Appeal from the Superior Court of the District of Columbia; Hon. Nicholas S. Nunzio, Trial Judge
Rogers, Chief Judge. Ferren, Associate Judge, and Kern, Senior Judge.
The opinion of the court was delivered by: Rogers
Appellant Janice L. Mueller appeals from the judgment holding that appellee Healthplus, Inc., is not liable for payment of her medical expenses under a group insurance policy offered through her employer, Washington Center for Aging Services. She contends that the trial Judge erred in ruling that Healthplus had complied with the cancellation provision of the policy by giving notice to her employer without directly notifying her. We agree; accordingly we reverse. *fn1
The relevant facts are not in dispute. In January 1988, appellant enrolled as a subscriber in Healthplus, Inc.'s group insurance policy, which was offered through her employer, Washington Center for Aging Services (WCAS). On January 23, 1988, she was diagnosed by her gynecologist, Dr. Oweiss, as having an infection. The infection was recurrent through August 1988, and required treatment through September 1988. On March 8, 1988, appellant was diagnosed as having a cervical Nabothian cyst, which was removed on April 18, 1988, by Dr. Oweiss. Appellant thereafter required treatment for symptoms associated with the removal of the cyst through June 1988.
On February 12, 1988, Healthplus sent a letter to WCAS's insurance liaison, Becky Mays, stating that "Healthplus regrets to inform you that it will not be submitting a proposal to Washington Center for the Aging to renew our contract for provision of health care services." WCAS, through its Director of Personnel, issued a memorandum thirteen days later to those employees enrolled in Healthplus stating that "effective April 1, 1988, Healthplus will no longer provide medical services for WCAS/Urban Shelters employees who are now covered by the plan. . . . You must select another carrier to provide medical services during the open enrollment period beginning March 15, 1988."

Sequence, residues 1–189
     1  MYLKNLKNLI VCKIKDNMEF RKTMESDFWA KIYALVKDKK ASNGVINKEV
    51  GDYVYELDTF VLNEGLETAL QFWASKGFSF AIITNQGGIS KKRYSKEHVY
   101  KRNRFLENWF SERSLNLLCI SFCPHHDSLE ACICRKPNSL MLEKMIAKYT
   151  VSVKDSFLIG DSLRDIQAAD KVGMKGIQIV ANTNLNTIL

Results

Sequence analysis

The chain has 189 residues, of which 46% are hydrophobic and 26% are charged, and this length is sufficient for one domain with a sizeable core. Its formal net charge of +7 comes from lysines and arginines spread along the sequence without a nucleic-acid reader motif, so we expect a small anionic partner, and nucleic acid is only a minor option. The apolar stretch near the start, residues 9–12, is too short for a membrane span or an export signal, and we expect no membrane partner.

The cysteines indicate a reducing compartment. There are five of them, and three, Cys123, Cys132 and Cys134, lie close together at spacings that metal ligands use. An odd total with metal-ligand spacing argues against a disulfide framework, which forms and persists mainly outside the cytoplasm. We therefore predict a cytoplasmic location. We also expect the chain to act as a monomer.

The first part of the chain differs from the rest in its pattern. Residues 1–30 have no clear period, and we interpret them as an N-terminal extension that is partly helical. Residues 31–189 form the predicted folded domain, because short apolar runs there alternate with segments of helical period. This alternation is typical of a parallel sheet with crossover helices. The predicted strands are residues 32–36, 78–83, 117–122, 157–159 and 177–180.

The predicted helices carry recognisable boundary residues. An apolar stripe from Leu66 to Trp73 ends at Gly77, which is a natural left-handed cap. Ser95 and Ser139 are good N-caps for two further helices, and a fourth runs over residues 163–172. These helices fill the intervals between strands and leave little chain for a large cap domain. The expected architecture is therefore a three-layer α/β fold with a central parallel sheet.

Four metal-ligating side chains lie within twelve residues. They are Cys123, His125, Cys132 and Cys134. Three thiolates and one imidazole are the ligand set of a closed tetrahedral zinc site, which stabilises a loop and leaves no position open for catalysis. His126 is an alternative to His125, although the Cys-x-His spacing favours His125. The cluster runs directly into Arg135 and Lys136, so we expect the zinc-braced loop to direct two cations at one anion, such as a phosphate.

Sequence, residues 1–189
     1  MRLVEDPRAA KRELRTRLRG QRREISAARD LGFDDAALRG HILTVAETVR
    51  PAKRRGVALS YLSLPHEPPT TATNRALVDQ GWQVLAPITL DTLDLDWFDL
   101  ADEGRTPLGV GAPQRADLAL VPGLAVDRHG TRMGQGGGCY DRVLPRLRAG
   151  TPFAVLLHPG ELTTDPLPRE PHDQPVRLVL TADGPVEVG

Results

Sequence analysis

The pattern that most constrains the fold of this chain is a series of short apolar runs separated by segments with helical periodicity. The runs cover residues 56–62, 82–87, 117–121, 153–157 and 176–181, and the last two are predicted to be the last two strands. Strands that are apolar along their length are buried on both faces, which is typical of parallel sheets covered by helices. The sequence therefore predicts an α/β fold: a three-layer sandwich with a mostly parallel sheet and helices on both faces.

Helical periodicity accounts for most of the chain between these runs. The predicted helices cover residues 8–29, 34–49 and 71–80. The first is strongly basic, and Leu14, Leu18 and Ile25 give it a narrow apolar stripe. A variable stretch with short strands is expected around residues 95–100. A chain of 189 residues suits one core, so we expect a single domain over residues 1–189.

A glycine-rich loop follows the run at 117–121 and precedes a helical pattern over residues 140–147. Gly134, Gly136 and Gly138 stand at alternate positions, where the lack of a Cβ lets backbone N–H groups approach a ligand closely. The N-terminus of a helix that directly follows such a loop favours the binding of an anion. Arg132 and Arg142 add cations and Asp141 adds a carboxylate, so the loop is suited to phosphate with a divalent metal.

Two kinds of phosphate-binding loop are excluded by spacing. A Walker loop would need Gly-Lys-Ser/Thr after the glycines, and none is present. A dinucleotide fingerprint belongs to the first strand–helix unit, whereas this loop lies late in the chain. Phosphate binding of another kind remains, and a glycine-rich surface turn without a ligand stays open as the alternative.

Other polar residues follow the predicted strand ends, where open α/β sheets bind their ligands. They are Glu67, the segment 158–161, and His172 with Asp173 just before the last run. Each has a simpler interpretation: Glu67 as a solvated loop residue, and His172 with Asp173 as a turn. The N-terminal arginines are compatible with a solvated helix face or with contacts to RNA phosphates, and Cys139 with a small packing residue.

WCAS conducted a seminar on March 15, 1988, regarding available health care options. Appellant was in attendance as were representatives from three group plans, MDIPA, Kaiser-Permanente, and Group Health Association. All three plans offered coverage of pre-existing illnesses, but would not have allowed appellant to retain Dr. Oweiss as her treating physician. *fn2 Appellant testified that Dr. Oweiss advised her not to change physicians on the eve of surgery and in the middle of treatment. Representatives from a fourth group plan that WCAS was offering, Prudential Insurance Company, did not attend the seminar. Appellant testified that she was advised by Becky Mays that only the Prudential plan would allow her to keep her own doctor.
Appellant eventually elected coverage with Prudential, retaining Dr. Oweiss as her physician. When she submitted a reimbursement request to Prudential for her expenses after April 1, 1988, Prudential denied them on the ground that they were the result of a "pre-existing condition." Appellant's request for reimbursement from Healthplus was denied for expenses incurred after March 31, 1988.
Appellant sued Healthplus in the Small Claims and Conciliation Branch of the Superior Court. The trial Judge ruled that appellant did not have a continuing right to coverage under the Healthplus group plan, and that Healthplus had complied with the cancellation provision in the plan by giving effective notice through WCAS. Specifically, the Judge found:
First, the contract for health care coverage existed between and WCAS, not .
Second, was properly and timely notified of the pending termination, and had available to her a health care representative to fully explain her option.
Third, could have converted to [Healthplus's] plan on an individual basis, that is assuming the premiums herself, or could have chosen another carrier who covered pre-existing conditions.
Appellant contends that the cancellation provisions in the group plan required Healthplus, as the terminating party, to provide written notice directly to her. *fn3 This provision was not satisfied, according to appellant, because WCAS, the employer, and not Healthplus, provided the notice to appellant. Since she never received the notice as required by the plan, ...